m

 

A Stella jumbo like Leadebelly played in the 1930s can run you in the $8K to $10K range these days. Years ago I owned one. Had I known it would be virtually impossible to replace it down the road I never would have traded it away. But back then you could find them in flea markets and hanging on junk shop walls. The all-birch Harmony Stella 12 string though while they are not in the ballpark are really not bad sounding guitars. I have developed kind of an affection for them especially the Concert size 912. In the 1950s they were about all that was available when it came to 12 strings. Even these were discontinued for a bit but brought back in the 1960s.

 

There are some Schmidt Stella clones out there like the Dell'Arte and Hauver but while they will not empty your pockets as quick as an original still are not what I would call cheap.

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I play an early 1963 Gibson B45-12. These were very lightly built which explains why they sound so freakin' good and why many have not survived. To keep the guitars from pulling themselves apart Gibson really beefed up the bracing in late 1964. Great for longevity but it sucked for sound.

 

For my money, the best buy in used 12 string guitars remains the Westerly-built Guild F-112 and F-212. Back in the late 1960s and 1970s, Guild set the standard which all other 12 strings were measured by and to me they remain the most undervalued guitars out there.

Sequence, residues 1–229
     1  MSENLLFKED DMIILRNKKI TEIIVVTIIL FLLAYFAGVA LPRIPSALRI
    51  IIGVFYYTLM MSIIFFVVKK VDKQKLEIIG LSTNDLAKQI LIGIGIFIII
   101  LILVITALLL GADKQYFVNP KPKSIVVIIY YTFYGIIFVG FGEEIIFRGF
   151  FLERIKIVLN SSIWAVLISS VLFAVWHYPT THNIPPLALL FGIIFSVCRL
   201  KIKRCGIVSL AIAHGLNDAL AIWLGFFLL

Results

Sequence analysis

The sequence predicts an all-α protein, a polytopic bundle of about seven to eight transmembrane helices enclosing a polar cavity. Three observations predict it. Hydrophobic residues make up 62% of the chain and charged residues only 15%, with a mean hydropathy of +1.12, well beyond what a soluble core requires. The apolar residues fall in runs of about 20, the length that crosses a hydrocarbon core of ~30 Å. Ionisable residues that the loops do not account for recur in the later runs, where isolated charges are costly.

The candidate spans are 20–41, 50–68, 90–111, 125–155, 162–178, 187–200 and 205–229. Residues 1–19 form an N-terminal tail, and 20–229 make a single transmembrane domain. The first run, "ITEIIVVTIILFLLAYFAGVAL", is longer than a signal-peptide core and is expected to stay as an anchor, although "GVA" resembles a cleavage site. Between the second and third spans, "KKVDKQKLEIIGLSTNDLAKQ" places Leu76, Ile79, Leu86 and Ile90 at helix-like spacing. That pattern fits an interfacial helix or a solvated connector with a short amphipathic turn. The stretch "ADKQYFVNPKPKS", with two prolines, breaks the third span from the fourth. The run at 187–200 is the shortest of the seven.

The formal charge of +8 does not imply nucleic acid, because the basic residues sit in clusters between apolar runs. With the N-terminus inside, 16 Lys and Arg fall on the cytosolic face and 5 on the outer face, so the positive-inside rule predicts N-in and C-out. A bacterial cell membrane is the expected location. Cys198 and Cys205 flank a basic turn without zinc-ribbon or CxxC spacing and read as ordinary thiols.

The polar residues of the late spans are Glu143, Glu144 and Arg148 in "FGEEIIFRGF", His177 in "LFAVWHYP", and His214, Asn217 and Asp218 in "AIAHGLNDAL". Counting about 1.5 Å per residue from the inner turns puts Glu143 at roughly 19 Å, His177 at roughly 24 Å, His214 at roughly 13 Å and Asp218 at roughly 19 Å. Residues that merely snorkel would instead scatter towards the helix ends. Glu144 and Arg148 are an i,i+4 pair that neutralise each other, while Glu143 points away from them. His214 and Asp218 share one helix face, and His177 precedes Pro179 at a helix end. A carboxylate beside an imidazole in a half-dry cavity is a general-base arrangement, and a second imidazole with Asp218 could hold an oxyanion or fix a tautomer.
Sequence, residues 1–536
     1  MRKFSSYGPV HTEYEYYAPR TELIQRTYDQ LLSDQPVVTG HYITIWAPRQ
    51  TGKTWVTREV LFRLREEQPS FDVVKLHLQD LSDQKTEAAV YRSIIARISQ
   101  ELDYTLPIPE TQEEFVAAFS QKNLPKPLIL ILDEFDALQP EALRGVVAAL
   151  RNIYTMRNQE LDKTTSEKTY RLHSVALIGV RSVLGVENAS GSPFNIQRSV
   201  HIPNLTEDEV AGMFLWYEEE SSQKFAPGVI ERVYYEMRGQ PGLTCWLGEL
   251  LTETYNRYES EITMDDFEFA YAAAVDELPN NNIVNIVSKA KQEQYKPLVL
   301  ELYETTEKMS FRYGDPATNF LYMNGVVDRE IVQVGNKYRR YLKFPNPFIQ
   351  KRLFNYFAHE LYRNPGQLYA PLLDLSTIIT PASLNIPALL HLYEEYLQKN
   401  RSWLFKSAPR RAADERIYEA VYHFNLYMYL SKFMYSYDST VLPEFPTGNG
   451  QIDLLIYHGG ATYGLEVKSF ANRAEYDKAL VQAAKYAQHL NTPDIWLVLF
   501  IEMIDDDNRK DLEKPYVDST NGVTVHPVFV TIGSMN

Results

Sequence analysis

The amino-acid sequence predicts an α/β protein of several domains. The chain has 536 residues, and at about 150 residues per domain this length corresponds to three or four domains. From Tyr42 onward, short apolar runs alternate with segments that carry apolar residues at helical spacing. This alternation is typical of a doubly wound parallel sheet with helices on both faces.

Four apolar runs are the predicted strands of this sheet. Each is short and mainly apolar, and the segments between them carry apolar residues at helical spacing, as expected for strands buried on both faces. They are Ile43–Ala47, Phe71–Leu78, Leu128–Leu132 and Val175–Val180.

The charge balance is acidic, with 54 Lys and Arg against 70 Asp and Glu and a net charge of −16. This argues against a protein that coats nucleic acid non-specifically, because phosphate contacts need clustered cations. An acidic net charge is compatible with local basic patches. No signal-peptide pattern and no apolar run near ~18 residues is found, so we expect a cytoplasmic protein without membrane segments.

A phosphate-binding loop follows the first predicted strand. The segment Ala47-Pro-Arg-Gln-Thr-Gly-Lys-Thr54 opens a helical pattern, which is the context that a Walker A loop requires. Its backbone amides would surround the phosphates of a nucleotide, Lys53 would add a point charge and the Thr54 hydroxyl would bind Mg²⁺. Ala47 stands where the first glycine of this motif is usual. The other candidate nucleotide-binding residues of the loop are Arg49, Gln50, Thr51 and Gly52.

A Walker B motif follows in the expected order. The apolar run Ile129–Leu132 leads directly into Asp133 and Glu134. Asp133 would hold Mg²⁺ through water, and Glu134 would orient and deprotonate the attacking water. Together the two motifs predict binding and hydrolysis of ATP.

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I'm convinced overall that the "high quality" - spelled high price - acoustic 12s aren't that much better, if at all other than appearance - from some real cheapies. I've played even the $150 or so Guitar Center/Musician's Friend "Rogue" and it ain't all that bad. Hide the guitar from the audience and even if they're average pickers, I doubt they could tell the brand.

 

I know some will suggest burning me at the stake for that comment, but so much of any guitar has do do with one's technique. On a 12, both the octaved and unison strings will be inevitably just a tad off tune with each other. Play close to the bridge and you sound more like McGuinn's Ric - over the soundhole something more like you'd expect from a decent Leadbelly recording.

 

So many are detuned a step and capoed. That's an impact on "tone."